Tuesday 23 March 2004 — This is more than 19 years old. Be careful.
A Bloom filter is a clever data structure that lets you check if an element is a member of a set, while storing much less data than the entire set. The tradeoff is that there are false positives: you might ask if a member is in the set, and get the answer “yes”, when it should have been “no”.
Li Fan provides a thorough overview of the technique in his paper about a Summary Cache that uses the technique, but here it is in a nutshell:
The set is stored as a large bit array (say 220 bits). To add an element to the set, you hash it a few different ways to produce a handful of different 20-bit hashes. Each hash value is an index into the bit array. Set each indexed bit to 1. Some of these bits will already be 1 (from previous entries).
To test if an element is in the set, hash it with all the hash functions, and check the indexed bits. If any of them is 0, then the element is not in the set. If all of them are 1, then it probably is in the set. They are probably all 1 because the element had been hashed into the set before, but they could be all 1 because of a collection of other entries which happened to each set some of the bits. This is the false positive. Adjusting the number of bits in the array and the number of hashes changes the probability that a false positive will occur.
The Fan paper has more about it all, including tables of false positive probabilities. Another source is Some Motley Bloom Tricks.
An aside about discovery: this is one of those web items that would be hard to credit properly with a simple “via” reference. The other day, Bob Congdon linked to the Dictionary of Algorithms and Data Structures. I poked around a bit, and glanced at their page about Bloom filters (which doesn’t say much) before eventually finding the subject of yesterday’s post about exact string matching.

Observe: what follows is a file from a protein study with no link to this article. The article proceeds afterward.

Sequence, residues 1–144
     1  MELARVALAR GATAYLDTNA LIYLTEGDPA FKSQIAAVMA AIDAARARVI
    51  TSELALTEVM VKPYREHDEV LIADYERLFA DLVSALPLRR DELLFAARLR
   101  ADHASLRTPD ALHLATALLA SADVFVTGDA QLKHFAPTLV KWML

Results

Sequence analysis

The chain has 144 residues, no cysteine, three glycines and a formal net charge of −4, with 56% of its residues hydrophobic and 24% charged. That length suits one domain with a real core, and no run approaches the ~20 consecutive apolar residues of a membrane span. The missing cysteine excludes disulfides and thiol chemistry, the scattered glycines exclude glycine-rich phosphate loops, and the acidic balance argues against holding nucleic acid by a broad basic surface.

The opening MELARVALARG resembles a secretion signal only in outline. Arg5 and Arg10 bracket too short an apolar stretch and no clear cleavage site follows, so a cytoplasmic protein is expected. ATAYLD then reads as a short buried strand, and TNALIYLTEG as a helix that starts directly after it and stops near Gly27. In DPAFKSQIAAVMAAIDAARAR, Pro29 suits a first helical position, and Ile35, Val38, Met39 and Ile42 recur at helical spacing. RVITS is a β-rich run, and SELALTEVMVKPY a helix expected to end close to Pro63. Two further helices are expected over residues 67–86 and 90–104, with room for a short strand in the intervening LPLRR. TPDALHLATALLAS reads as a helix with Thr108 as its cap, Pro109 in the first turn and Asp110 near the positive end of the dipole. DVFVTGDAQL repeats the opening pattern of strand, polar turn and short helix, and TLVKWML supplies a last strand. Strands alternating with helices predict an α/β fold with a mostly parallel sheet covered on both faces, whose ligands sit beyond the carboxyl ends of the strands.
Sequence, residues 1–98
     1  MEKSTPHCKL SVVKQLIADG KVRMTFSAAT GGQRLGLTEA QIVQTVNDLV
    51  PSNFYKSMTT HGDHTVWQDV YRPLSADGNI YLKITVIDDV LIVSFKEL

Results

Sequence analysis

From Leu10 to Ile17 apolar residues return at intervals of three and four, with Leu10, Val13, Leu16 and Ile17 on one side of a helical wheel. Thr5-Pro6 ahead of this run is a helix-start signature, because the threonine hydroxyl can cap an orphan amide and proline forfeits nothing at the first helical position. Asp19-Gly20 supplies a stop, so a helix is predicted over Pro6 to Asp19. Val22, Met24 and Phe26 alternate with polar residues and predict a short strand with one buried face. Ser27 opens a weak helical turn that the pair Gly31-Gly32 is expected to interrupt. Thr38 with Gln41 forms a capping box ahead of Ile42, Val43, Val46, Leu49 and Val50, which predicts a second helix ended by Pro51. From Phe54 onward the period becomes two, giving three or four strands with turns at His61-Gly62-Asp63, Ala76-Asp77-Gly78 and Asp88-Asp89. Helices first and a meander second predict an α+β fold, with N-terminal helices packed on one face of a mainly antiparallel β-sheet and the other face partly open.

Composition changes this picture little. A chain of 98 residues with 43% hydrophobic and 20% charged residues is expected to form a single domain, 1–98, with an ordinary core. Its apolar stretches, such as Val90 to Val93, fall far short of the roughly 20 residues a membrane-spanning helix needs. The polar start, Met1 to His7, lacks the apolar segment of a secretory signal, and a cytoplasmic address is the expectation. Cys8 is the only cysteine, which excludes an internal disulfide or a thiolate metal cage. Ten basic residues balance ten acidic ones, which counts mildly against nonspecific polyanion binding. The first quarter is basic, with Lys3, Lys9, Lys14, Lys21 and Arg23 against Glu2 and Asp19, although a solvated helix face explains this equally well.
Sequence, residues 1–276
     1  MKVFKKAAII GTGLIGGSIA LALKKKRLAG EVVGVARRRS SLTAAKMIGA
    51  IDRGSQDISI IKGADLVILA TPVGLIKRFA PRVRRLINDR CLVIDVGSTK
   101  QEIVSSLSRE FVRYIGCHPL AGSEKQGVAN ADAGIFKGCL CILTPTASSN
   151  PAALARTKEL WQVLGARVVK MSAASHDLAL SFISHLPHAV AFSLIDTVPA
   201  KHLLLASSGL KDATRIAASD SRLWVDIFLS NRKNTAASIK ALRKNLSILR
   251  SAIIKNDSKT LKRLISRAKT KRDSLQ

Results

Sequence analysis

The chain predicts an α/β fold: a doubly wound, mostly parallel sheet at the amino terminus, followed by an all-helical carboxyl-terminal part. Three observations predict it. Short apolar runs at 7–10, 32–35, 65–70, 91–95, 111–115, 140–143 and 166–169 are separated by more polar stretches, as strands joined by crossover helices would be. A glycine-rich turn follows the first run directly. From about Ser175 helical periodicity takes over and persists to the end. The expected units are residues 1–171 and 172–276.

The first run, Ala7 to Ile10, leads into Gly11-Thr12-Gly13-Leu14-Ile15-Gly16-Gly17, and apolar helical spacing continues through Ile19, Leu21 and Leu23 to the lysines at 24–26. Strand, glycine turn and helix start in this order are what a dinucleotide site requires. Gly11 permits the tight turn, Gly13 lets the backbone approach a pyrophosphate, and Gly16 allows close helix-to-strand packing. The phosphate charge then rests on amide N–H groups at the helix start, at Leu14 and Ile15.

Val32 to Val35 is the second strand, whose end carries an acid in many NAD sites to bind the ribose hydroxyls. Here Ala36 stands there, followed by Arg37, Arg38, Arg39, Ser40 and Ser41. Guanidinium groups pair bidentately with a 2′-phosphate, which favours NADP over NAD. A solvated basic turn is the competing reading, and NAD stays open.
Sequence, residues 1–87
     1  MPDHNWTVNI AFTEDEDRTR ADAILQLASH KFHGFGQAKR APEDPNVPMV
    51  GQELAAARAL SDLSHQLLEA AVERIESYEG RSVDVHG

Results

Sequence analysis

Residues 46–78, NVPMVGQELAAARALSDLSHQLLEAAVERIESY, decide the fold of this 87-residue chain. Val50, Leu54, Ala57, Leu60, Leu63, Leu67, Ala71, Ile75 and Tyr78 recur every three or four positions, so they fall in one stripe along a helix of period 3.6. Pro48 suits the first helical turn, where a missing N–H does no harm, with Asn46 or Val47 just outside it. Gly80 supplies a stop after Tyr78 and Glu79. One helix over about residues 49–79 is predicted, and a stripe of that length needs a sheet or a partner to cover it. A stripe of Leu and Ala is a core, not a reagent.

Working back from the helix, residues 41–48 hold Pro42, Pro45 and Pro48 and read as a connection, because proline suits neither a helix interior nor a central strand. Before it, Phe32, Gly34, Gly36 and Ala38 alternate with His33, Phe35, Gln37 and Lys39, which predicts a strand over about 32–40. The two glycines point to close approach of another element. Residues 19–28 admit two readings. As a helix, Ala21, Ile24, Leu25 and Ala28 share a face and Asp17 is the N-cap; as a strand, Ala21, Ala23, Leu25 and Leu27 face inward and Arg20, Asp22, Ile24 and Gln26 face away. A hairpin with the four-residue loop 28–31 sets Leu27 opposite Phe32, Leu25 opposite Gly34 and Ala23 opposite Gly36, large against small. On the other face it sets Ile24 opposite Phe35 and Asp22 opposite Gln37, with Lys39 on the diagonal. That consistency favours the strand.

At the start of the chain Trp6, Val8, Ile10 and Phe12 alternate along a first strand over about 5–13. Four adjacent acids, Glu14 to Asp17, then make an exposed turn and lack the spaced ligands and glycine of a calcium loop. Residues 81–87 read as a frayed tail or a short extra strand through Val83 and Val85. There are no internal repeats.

Then today, I was trying to parse Mark Pilgrim’s rant about TypeKey (I think he’s against it, I can’t tell. Sarcasm doesn’t always work), when I saw his reference to LOAF (not the joke LOAF, this one seems to be a real proposal). The LOAF proposal is a way to securely send your address book with email messages so that anyone can check if an address is in your book, but can’t actually read your book. They do it with a Bloom filter, natch.
That made two references in two days to something I’d never heard of before, so I had to look into it more.
Then I wondered about Burton Bloom, the inventor of the technique. The citation on his CACM paper listed him as working at Computer Usage Company, in nearby Newton Upper Falls, and there seems to be little else about him on the web. This excursion into Bloom filters as mimics of human memory credits him with AI Memo 47 about chess.
A search on Computer Usage Company (which I had also never heard of) turns up a claim that it was the first software company, and that it was founded in 1955 by Elmer C. Kubie. His name struck me, since I work for Kubi Software, no relation.
In a final coincidence, Elmer Kubie died just two weeks ago in Ithaca.
However, he was a tremendous inspiration as a brilliant engineer and a motivating teacher. And more importantly, his presence in the classroom putting up with the shenanigans of high-schoolers every day gave us a great lesson: a lesson about the societal and personal rewards of completing a successful entrepreneurial business career and then using your "retirement" to confer that wisdom to students. I hope to be able to follow in his footsteps in this regard.
In fact, I still have a vivid memory of his description of the optimizations they did to programs running on the IBM 650, an early computer with magnetic drum storage. They wrote a program optimizer that placed the next instruction at the disk location the head would be over when the previous instruction finished executing, thus avoiding excessive waits for the rotation of the rotation. (Described in more detail midway down at
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